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Static problem on pickguard


LPCustom

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Has anyone encountered a problem with noise when moving your fingers over the pickguard on a guitar before? This Oscar Schmidt makes crackling noises when I brush my fingers over the pickguard. It doesn't do it anywhere else on the guitar. It makes a slight popping noise when touch the screw that mounts the guard to the bracket, too.

 

I think this is caused by static electricity and I guess grounding it would stop that, but I've never seen that or heard of that before. On the strings or bridge, yes. But not on the pickguard. It's annoying.

 

I could also take the pickguard off but I prefer to have it on. The pickups are uncovered humbuckers. Pickup covers might also help but I don't want to change the sound.

Born on the Bayou

 

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A friend of mine has this problem. Its not the guitar, its him. We tested it out with several players and guitars in the same room, trying to account for environmental variables such as where he was sitting. His fingers made an electronic scratch through the pickups when he rubbed the pickguard, no one else did.
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Yeah take off the plastic is one tbig issue, another though, is if you take the plastic off fast it may leave a slight charge. I dont think you need to ground it, but you may take it off and try to get rid of any charge, then replace it. How? I have no clue.
hot girls, fast cars, and even louder guitars
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But I have a lot of electric guitars and this is the _only_ one that does that. It's not me. :freak: I got my son to try it and it does it with him, too.

 

I thought it might be low humidity but, since it's been raining all day and I have the back door open, it's about 85% humidity in here right now and it did it just a few minutes ago. (The guitar polish thing didn't work, Zan).

 

I'm wondering if it's the type of material this pickguard is made from. It _looks_ like the other black pickguards I have. But it might not be. The type of plastic it's made from may be prone to static electricity. I'm thinking of trying my ES-335 pickguard on it (it looks about the right size) to see if that stops it.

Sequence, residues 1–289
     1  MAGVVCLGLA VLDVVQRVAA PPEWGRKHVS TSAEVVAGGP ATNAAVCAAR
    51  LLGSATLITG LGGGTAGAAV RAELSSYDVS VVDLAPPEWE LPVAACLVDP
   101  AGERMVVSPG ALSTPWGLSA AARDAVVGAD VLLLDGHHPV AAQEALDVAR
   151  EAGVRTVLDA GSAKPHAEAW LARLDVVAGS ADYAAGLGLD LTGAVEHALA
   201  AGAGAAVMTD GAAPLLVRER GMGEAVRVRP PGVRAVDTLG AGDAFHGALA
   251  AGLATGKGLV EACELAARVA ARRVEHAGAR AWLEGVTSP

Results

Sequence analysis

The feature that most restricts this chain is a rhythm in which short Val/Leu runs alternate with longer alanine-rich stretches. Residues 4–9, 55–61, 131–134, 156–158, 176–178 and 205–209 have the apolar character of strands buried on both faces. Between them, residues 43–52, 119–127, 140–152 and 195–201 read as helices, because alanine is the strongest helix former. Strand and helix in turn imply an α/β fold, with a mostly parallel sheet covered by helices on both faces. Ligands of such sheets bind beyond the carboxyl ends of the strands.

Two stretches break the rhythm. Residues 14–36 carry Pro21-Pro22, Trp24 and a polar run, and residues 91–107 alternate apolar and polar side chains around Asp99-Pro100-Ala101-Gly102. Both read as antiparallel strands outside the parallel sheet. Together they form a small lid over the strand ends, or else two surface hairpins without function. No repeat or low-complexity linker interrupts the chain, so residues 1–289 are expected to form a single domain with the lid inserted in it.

Born on the Bayou

 

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I have that problem on 2 strats - it's probably me - I've had problems with static all my life. When I was a teenager, watches simply stopped when I put them on my wrist. I get HUGE jolts off cars, which is why I always close a car door by pushing on the window glass. Certain shoes make it worse.

 

I read somewhere that rubbing the scratchplate with one of those antistatic/conditioner cloths/sheets you put in the tumble drier seems to help, but I haven't got round to trying it yet.

 

Geoff.

"When the power of love overcomes the love of power the World will know Peace": Jimi Hendrix

http://www.soundclick.com/bands/default.cfm?bandID=738517&content=music

The Geoff - blame Caevan!!!

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A quick fix in a pinch is to put a little water in a glass and add a good tablespoon of hand dish washing liquid. NOT automatic dish washing detergent. Take a sponge or folded up paper towel and wipe the solution over your pick guard. Let it dry, do not wipe it off. Dish washing liquid works because of it contains ionic surfactants. What this does is leaves a soap film on the surface making it conductive so free electrons can bleed off.

 

If you happen to use Bounce Fabric Softener those little dryer sheets things, wiping one of those across a surface will do the same thing.

 

A somewhat less messy solution (no pun intended) is Anti Static Spray or Wipes. These products are available at electronic, computer, and office stores. But like everything else they work by leaving a film on the surface.

 

If treatments to your pick guard dont last very long, some may some may not, Id find a replacement. Like you really need someone to tell you that!

 

When it comes to people, two things most often overlooked are clothes and shoes. If one is wearing synthetic clothes they are in fact a static generator, polyester is real bad. Wearing shoes with rubber soles that are not conductive is another bad one and you cant tell by looking if the rubber is conductive or not.

When i get big i'm gonn'a get an electric guitar...

When i get real big...

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Originally posted by Geoff Byrne:

I read somewhere that rubbing the scratchplate with one of those antistatic/conditioner cloths/sheets you put in the tumble drier seems to help, but I haven't got round to trying it yet.

 

Geoff.

this method works. keep a sheet or two in your bag/case and give it a little rub before your show/rehearsal :thu:
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Steal a "dryer" sheet from your wife's laundry room...you know, the anti-static, softener sheets...usually foam or paper...wipe on the pickguard and keep it in your guitar case. Unless its too perfumey...then go to the dollar store and buy a whole box of the "unscented" variety...give most of them to your better half and keep a couple for yourself.